Despite the fact that "materialism has permeated California culture since the Gold Rush," and today little remains "sacred except the right to accumulate wealth," Brechin finds hope in the presence of Californians throughout history who have "questioned popular notions of progress and who attempted to light the way down different paths." In the book's concluding chapter, "Alternative Courses," Brechin, with Dawson's pictorial assistance, tells the history of resistance to "the barbarism masquerading as civilization" in California Here he speaks of the early work of Olmsted, John Muir, Helen Hunt Jackson on behalf of Indians, the many women who campaigned for conservation, and the utopian experiments to live in harmony with the land. He speaks of the cable car preservation campaign and the "freeway revolt" in San Francisco along with successful efforts to save the bay. In this chapter Brechin shows concretely that movements for social and environmental justice cannot be separated, and shows the work of the West County Toxics Coalition in Richmond, various community gardens, and the Mothers of East Los Angeles who blocked a toxic waste incinerator, a hazardous waste storage facility and a prison.
The story Brechin tells, of loss, destruction, and redemption through community revival and citizen activism, could not have been as effective in provoking a sympathetic response from readers without the photographs of California past and present. Dawson's contribution is essential, as are the photographs collected from various historical museums. As Dawson points out in his preface, it is very difficult to photograph the past. And so in several cases he captures unwritten and forgotten history through murals, monuments and inscriptions on plaques. Rather than simply report present realities, Brechin has explored the archives and provides first-hand observations from early residents and visitors. Thomas Magee, for example, wonders in a 1868 issue of Overland Monthly: "Of what use will be good government to a country which has been desolated by the cultivators of the soil who have raised matricidal hands against our common mother earth?" (p. 25). And turn-of-the-century novelist Frank Norris writes that Californians "had no love for their land. They were not attached to the soil. To get all there was out of the land, to squeeze it dry, to exhaust it, seemed their policy" (pp. 25-6). Dawson and Brechin's counsel to wake up from the California dream is an old story that bears retelling.
Where Farewell, Promise Land differs from its predecessors in the wakeup California genre is in its emphasis on materialism, individual greed, land speculation and inability to love the land as the primary culprits. Dasmann, for example, saw overpopulation as the critical problem leading to environmental destruction. Deep Ecologist George Sessions argued at a 1998 conference in Santa Cruz that since population had tripled since Dasmann's 1965 book, immigration controls, resisted by the Sierra Club, were the only solution to the problem. But Dawson and Brechin have little to say about overpopulation and even automobiles do not seem the threat others make of them. The authors resolutely refuse to blame the victims and put the responsibility for the fate of California on the shoulders of numerous individuals and businesses who "had no love for the land," who trashed California in the "world's greatest stag party," who spread "the gospel of easy living" while finding ways to increase the value of their real estate, and who, in the end, treated both humans and nature as means for their financial advancement. Whether you call it materialism, greed or capitalism, the despoilers of California are the true homeless persons, people with no appreciation for the land. Dawson and Brechin's Farewell, Promised Land bids adieu to myths and dreams and calls Californians to their true home.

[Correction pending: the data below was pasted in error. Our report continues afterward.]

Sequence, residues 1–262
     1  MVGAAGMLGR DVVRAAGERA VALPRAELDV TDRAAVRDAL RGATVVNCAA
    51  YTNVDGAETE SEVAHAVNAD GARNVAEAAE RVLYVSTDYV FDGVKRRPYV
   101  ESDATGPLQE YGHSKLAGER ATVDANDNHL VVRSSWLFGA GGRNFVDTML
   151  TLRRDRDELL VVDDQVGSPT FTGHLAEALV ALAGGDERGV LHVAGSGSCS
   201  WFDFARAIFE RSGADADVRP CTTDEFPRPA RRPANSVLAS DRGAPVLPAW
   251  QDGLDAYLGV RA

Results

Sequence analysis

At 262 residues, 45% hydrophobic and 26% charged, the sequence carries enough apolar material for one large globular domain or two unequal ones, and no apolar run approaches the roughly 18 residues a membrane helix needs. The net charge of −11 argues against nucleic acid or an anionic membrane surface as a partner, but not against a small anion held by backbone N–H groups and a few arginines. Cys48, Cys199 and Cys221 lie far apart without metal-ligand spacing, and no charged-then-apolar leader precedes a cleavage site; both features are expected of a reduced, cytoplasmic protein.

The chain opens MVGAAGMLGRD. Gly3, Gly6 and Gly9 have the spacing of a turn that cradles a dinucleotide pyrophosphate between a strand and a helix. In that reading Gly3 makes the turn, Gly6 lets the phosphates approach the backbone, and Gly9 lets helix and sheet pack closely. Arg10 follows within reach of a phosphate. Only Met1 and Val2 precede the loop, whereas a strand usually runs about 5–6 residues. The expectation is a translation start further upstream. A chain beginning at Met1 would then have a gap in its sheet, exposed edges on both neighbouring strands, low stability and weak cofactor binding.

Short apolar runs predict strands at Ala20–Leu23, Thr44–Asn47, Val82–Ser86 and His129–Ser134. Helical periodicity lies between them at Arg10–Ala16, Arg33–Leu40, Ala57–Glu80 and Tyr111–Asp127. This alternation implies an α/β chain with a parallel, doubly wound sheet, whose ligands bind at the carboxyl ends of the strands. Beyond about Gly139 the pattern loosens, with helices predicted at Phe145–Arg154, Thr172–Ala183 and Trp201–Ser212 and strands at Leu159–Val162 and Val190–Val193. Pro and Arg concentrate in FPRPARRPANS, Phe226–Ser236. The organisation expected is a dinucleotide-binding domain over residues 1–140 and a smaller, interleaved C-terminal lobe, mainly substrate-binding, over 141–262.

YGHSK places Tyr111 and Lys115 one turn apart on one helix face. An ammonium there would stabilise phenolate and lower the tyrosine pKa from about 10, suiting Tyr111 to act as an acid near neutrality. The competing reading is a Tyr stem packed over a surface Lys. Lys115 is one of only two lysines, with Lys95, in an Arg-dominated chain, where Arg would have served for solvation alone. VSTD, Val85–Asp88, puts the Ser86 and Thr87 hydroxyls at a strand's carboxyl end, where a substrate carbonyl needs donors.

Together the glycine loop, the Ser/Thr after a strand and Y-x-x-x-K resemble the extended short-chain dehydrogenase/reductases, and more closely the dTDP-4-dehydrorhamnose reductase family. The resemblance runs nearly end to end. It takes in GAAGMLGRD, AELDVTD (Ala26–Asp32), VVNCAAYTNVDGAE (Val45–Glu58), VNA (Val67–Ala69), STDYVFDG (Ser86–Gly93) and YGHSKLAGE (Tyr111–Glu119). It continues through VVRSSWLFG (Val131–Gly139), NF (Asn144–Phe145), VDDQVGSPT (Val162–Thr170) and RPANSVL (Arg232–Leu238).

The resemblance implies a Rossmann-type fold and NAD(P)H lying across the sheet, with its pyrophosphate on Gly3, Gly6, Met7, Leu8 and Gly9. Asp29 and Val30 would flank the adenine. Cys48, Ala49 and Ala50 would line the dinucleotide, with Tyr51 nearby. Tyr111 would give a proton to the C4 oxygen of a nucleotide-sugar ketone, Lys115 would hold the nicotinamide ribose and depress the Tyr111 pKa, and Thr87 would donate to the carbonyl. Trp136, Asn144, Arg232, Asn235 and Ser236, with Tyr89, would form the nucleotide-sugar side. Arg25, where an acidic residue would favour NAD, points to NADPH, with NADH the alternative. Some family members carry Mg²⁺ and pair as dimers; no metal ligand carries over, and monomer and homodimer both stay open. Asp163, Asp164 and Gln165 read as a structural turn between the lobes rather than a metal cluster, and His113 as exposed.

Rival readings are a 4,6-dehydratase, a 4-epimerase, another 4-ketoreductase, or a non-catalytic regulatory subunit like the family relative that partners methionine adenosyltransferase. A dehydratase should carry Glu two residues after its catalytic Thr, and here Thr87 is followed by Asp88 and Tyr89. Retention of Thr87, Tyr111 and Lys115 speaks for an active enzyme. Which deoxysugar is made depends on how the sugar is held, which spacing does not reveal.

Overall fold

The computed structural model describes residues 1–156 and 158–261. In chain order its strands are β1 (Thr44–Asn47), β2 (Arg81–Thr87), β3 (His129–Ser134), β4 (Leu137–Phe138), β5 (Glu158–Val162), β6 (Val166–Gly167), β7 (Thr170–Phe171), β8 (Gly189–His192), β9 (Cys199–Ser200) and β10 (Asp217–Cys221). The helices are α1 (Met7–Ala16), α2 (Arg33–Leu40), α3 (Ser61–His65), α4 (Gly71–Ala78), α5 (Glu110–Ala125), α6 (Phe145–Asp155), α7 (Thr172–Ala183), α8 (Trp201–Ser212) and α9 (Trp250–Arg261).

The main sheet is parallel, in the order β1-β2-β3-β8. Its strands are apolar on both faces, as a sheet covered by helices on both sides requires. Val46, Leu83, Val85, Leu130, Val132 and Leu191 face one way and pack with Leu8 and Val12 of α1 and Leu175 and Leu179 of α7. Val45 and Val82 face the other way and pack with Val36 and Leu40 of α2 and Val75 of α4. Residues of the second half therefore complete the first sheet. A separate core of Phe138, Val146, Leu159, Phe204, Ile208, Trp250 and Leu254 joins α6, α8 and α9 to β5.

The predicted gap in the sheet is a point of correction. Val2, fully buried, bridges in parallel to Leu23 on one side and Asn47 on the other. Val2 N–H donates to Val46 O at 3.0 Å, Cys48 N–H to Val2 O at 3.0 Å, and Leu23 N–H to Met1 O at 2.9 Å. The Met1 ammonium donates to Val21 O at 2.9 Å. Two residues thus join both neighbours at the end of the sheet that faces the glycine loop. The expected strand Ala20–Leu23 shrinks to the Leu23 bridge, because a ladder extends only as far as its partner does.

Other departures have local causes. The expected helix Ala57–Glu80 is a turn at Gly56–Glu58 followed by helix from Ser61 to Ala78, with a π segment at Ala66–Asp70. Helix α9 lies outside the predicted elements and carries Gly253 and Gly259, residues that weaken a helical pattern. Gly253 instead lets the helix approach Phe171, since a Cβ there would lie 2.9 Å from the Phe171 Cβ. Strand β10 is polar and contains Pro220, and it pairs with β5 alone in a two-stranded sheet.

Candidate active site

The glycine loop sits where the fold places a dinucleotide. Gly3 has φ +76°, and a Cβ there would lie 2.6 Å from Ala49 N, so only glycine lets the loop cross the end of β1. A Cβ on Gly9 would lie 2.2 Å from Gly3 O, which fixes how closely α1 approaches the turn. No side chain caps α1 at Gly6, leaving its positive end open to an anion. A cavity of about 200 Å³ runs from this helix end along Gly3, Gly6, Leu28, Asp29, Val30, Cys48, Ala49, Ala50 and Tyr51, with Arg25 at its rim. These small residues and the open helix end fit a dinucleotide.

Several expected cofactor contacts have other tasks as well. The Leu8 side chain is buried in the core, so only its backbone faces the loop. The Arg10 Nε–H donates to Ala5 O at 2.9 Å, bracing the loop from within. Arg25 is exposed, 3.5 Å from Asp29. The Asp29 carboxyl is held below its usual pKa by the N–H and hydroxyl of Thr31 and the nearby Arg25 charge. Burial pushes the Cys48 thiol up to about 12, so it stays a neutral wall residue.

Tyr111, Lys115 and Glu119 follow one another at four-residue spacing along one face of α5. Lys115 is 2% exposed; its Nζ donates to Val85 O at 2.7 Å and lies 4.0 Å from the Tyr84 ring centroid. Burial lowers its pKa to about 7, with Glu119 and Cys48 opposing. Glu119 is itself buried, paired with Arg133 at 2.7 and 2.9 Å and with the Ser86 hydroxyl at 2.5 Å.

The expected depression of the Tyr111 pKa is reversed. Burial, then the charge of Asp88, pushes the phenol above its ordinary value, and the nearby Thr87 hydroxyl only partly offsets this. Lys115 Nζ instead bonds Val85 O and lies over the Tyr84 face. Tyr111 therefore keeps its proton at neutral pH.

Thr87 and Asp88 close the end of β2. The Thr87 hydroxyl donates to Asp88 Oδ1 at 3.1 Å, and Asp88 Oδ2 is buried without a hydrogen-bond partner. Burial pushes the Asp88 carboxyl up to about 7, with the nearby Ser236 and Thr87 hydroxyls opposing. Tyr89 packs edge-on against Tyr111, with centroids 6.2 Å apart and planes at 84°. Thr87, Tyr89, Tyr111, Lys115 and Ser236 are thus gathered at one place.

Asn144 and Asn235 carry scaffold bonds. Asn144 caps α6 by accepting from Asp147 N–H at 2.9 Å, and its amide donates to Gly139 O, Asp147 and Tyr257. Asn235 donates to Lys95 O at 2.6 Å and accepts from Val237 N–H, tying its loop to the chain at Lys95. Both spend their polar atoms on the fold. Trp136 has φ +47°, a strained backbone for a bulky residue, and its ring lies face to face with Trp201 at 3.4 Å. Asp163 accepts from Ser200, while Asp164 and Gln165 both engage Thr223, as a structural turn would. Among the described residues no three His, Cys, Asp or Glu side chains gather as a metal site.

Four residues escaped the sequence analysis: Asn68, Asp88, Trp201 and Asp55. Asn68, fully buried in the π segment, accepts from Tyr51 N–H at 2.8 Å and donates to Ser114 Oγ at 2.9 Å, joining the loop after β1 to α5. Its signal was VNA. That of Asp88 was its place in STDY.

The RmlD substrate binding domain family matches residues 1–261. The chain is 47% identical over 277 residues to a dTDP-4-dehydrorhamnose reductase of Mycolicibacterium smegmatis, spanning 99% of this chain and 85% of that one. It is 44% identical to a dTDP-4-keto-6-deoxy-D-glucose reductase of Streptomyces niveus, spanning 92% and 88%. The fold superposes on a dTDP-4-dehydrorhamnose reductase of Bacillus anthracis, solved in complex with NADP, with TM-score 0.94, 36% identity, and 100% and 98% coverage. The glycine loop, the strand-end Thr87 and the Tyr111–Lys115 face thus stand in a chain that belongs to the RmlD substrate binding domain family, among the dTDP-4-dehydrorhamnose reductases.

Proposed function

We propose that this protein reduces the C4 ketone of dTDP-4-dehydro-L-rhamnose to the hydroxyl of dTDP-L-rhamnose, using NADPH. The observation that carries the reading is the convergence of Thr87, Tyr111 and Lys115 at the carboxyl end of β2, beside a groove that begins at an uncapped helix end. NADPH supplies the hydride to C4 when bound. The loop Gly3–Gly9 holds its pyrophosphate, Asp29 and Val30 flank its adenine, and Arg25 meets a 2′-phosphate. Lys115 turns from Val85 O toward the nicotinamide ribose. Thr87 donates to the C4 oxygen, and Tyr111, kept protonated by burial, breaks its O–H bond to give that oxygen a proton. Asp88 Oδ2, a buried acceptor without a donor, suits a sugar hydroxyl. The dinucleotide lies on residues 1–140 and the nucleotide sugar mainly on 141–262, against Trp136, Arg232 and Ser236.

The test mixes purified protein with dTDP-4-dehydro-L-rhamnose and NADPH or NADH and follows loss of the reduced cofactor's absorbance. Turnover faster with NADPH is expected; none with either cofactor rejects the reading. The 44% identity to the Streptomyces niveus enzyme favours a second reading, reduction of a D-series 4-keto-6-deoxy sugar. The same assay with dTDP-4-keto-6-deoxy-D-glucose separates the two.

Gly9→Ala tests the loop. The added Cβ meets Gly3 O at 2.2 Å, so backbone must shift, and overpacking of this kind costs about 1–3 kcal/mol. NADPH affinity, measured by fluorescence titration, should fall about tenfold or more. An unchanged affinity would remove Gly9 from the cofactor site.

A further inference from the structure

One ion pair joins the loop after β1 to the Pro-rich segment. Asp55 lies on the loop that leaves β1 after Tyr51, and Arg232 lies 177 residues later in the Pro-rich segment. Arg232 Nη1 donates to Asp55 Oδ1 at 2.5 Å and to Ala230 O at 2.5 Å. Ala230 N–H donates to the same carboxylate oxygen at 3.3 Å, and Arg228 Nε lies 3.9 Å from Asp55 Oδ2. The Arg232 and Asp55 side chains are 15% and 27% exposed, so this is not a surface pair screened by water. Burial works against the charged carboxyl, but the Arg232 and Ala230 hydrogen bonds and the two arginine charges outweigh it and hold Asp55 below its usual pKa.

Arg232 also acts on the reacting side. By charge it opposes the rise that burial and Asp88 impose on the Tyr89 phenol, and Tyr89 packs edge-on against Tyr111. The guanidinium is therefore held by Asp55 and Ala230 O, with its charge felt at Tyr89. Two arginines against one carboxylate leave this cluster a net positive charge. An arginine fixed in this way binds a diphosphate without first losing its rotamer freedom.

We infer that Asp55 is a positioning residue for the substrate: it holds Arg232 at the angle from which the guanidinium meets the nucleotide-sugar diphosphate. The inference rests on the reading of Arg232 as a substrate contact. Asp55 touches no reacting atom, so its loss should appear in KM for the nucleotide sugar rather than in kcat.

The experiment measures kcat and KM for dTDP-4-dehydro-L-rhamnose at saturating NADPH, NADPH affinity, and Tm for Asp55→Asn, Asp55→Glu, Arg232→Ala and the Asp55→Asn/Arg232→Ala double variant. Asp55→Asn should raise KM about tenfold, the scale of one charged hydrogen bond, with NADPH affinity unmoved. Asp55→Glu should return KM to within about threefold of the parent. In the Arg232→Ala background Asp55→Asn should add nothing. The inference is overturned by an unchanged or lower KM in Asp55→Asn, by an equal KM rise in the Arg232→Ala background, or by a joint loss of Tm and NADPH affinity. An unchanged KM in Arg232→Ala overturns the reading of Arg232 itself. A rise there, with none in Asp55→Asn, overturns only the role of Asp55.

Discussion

. "California Dreamin," written by John and Michelle Phillips and recorded by the Mamas and Papas.
. Kevin Starr, Americans and the California Dream, 1850-191 (New York: Oxford University Press, 1973), 46, xiii.
. Starr, 174.
. Tim Palmer, ed., California's Threatened Environment: Restoring the Dream (Washington, D.C., and Covelo, CA: Island Press, 1993).
. Gray Brechin, Imperial San Francisco: Urban Power, Earthly Ruin (Berkeley, Los Angeles, London: University of California Press, 1999).
. Robert Dawson, Photographs (Tokyo and Santa Monica: Gallery Min, (1988); Peter Goin, ed., and Ellen Manchester, Arid Waters: Photographs from the Water in the West Project (Reno, NV: University of Nevada Press, 1992); Stephen Johnson, Robert Dawson and Gerald Haslam, The Great Central Valley: California's Heartland (Berkeley: University of California Press, 1993); Robert Dawson, Peter Goin and Mary Webb, A Doubtful River (Reno: University of Nevada Press, forthcoming).
. Mike Davis, City of Quartz: Excavating the Future in Los Angeles (London: Verso, 1990).
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Willie Yaryan. Review of Dawson, Robert; Brechin, Gray, Farewell, Promised Land: Waking from the California Dream.